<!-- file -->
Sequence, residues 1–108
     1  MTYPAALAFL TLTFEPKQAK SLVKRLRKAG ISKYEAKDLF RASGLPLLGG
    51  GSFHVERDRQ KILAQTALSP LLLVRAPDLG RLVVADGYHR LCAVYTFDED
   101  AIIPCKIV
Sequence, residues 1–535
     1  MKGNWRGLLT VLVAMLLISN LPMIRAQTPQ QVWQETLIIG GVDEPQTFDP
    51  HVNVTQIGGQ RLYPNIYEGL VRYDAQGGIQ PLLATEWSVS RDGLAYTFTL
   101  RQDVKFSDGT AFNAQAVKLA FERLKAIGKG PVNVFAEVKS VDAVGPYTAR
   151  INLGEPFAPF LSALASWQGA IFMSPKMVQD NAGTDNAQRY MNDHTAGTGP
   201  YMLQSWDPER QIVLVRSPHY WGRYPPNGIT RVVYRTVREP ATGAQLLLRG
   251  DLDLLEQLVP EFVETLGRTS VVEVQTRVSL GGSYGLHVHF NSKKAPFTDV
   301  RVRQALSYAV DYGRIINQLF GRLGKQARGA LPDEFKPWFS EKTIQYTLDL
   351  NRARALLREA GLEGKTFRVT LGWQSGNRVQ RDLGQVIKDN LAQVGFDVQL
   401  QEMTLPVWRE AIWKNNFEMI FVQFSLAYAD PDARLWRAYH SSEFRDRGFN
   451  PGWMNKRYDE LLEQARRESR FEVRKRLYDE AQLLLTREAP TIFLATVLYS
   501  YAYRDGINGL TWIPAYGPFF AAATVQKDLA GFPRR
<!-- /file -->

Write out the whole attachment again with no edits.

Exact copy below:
Sequence, residues 1–108
     1  MTYPAALAFL TLTFEPKQAK SLVKRLRKAG ISKYEAKDLF RASGLPLLGG
    51  GSFHVERDRQ KILAQTALSP LLLVRAPDLG RLVVADGYHR LCAVYTFDED
   101  AIIPCKIV
Sequence, residues 1–535
     1  MKGNWRGLLT VLVAMLLISN LPMIRAQTPQ QVWQETLIIG GVDEPQTFDP
    51  HVNVTQIGGQ RLYPNIYEGL VRYDAQGGIQ PLLATEWSVS RDGLAYTFTL
   101  RQDVKFSDGT AFNAQAVKLA FERLKAIGKG PVNVFAEVKS VDAVGPYTAR
   151  INLGEPFAPF LSALASWQGA IFMSPKMVQD NAGTDNAQRY MNDHTAGTGP
   201  YMLQSWDPER QIVLVRSPHY WGRYPPNGIT RVVYRTVREP ATGAQLLLRG
   251  DLDLLEQLVP EFVETLGRTS VVEVQTRVSL GGSYGLHVHF NSKKAPFTDV
   301  RVRQALSYAV DYGRIINQLF GRLGKQARGA LPDEFKPWFS EKTIQYTLDL
   351  NRARALLREA GLEGKTFRVT LGWQSGNRVQ RDLGQVIKDN LAQVGFDVQL
   401  QEMTLPVWRE AIWKNNFEMI FVQFSLAYAD PDARLWRAYH SSEFRDRGFN
   451  PGWMNKRYDE LLEQARRESR FEVRKRLYDE AQLLLTREAP TIFLATVLYS
   501  YAYRDGINGL TWIPAYGPFF AAATVQKDLA GFPRR